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A tale of two people and one vision

August 24, 2020   /   by Damian Cristodero

Student Body President Shelby Adams and Vice President David O’Connell. Photo provided

It’s difficult to imagine now, but Shelby Adams said that as a George Mason University freshman she was so shy, “I didn’t want to speak to anybody because I was afraid anything I said would sound weird.”

Now, she is student body president.

“Mason helped me grow into the person I am today,” she said. “I wanted that change. I wanted that growth, and Mason was the perfect place for that.”

Adams, a junior criminology, law, and society major, and her vice president, David O’Connell, a senior government and international politics major, said they are all about change—changing the amount of information the student body gets through Student Government, and changing the way their fellow students consume that information through social media.

That, they said, is the best way for everyone to understand and weigh in on the university’s most important issues.

“Student Government is just a select number of students,” O’Connell said. “We need to make sure all students know what’s going on. We need to hear from the whole population.”

Adams, from Lorton, Virginia, and O’Connell, from Rochester, New York, might not seem a natural pair.

As chair of multicultural affairs in Student Government, Adams was keenly focused on bringing diverse communities together. As chair of the University Life Committee, O’Connell was more focused on Title IX issues, athletic events and school spirit.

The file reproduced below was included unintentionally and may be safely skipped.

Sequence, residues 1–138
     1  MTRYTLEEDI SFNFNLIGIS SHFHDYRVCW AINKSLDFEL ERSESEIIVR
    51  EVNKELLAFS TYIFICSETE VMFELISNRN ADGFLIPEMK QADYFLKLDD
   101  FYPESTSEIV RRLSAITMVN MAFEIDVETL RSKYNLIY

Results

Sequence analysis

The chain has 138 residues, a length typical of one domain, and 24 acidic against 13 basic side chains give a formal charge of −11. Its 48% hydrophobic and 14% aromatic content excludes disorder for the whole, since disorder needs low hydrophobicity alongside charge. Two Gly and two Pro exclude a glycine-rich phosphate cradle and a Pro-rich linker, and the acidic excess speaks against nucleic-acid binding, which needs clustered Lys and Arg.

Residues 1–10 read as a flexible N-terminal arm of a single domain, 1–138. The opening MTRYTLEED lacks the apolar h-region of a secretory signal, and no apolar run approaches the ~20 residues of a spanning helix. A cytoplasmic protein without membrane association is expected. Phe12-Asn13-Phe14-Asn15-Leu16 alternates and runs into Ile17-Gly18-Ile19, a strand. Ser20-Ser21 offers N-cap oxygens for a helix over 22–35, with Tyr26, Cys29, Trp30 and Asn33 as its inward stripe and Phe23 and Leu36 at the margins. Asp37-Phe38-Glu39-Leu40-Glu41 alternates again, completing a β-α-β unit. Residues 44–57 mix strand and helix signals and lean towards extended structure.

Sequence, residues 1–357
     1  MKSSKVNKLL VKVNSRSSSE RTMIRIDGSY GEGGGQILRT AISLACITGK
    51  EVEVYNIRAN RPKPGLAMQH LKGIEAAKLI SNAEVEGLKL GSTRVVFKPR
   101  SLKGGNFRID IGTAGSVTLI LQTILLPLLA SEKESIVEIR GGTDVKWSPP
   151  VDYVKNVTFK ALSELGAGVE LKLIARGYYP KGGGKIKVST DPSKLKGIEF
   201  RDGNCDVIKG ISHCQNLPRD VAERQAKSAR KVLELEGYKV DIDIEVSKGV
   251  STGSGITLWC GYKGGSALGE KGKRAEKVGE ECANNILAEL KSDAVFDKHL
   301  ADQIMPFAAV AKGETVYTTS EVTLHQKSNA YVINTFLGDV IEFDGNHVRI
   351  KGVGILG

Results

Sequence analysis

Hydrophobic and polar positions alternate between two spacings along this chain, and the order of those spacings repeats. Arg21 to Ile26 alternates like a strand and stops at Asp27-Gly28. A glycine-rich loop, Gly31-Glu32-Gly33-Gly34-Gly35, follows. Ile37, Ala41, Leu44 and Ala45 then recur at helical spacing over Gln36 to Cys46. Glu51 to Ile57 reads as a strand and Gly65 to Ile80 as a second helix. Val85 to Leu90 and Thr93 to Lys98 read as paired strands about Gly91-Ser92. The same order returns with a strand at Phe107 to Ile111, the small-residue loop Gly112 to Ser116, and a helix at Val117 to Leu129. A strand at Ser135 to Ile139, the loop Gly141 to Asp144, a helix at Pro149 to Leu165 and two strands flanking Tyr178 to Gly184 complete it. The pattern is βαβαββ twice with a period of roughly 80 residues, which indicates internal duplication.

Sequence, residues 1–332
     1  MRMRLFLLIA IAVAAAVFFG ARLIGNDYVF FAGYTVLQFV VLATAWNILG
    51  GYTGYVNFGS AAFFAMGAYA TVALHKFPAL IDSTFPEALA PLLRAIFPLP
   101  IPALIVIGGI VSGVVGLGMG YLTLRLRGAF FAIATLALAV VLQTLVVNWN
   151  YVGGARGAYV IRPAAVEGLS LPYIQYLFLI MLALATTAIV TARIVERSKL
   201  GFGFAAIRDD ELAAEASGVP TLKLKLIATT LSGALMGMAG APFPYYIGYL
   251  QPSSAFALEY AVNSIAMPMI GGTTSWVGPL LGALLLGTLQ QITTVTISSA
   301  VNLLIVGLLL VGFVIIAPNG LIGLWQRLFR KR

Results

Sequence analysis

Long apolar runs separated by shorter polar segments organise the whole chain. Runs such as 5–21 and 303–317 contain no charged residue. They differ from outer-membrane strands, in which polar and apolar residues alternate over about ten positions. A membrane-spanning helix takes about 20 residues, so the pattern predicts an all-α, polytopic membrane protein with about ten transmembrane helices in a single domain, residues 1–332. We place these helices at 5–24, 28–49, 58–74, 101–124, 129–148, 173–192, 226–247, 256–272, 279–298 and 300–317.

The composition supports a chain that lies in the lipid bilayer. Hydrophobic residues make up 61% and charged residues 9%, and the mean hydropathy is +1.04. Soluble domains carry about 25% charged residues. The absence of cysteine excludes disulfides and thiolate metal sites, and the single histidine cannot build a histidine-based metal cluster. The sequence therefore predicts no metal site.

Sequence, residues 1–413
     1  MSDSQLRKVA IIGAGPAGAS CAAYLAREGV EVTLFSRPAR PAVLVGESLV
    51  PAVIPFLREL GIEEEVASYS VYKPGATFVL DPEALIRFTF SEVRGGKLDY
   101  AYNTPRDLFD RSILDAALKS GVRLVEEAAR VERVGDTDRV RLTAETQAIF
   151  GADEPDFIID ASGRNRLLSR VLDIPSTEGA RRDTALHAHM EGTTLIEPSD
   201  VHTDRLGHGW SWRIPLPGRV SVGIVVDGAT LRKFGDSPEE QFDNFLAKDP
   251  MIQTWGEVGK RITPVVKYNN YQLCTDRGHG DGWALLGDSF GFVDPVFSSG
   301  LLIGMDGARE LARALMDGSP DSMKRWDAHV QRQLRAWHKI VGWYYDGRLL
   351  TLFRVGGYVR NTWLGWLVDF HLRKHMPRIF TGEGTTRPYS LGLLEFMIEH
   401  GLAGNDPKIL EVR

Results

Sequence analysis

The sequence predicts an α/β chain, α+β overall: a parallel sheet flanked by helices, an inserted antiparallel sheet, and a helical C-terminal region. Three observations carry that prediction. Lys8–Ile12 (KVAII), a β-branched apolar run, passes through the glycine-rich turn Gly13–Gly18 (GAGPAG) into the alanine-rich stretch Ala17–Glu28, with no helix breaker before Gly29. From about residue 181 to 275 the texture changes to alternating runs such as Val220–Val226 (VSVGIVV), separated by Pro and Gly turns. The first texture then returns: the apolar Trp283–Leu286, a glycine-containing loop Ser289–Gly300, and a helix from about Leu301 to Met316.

They really didn’t know each other, either.

But Adams said she noticed O’Connell’s work ethic and passion for his job. So when she decided to run for president, she sat him down one day after a Student Government meeting and asked him to be her running mate.

They also found they have a shared sensibility—helping people.

For Adams, whose sister, Sydney, is a Mason alumna, BA Arts and Visual Technology ’16, MS Management ’19, it comes from her family’s ethic of advocating for vulnerable communities. For O’Connell, it comes from Mason becoming a home away from home.

“We do come from different backgrounds,” O’Connell said. “But we’ve always had the same goal of creating the best possible environment we can at Mason.”

Take Mason’s decision to open campus for the fall semester.

Through Instagram, Student Government surveyed students on learning preferences. More than 4,000 responses came in, Adams said, with all online classes and a hybrid model being the top choices.

“We took that information to the administration,” Adams said, “and here we are with online and hybrid options.”

“Their commitment and sincerity to make Mason a stronger institution on behalf of our students was clear from the start,” said Rose Pascarell, vice president for University Life. “They are willing to do the hard work of understanding complex institutional issues before they weigh in to assist with solutions. They are passionate about serving the student body and have been incredibly collaborative.”

Both said they have benefitted from their Mason experience.

O’Connell said he originally came to Mason because of its proximity to Washington, D.C. Once he found his lane in the Schar School of Policy and Government, he said he knew he made the right choice.

Adams said she came to Mason because of the diversity of its campus. Plus, she was already familiar with Mason because of her sister.

“And when I’m familiar with something, I’m more comfortable with it,” she said.

As it turned out, Adams said Mason took her out of her comfort zone.

“The person you’re talking to today is not the same person [I was] in high school or the same person freshman year,” she said. “That’s definitely something I wanted going into a university, and that’s pretty much why I chose Mason.”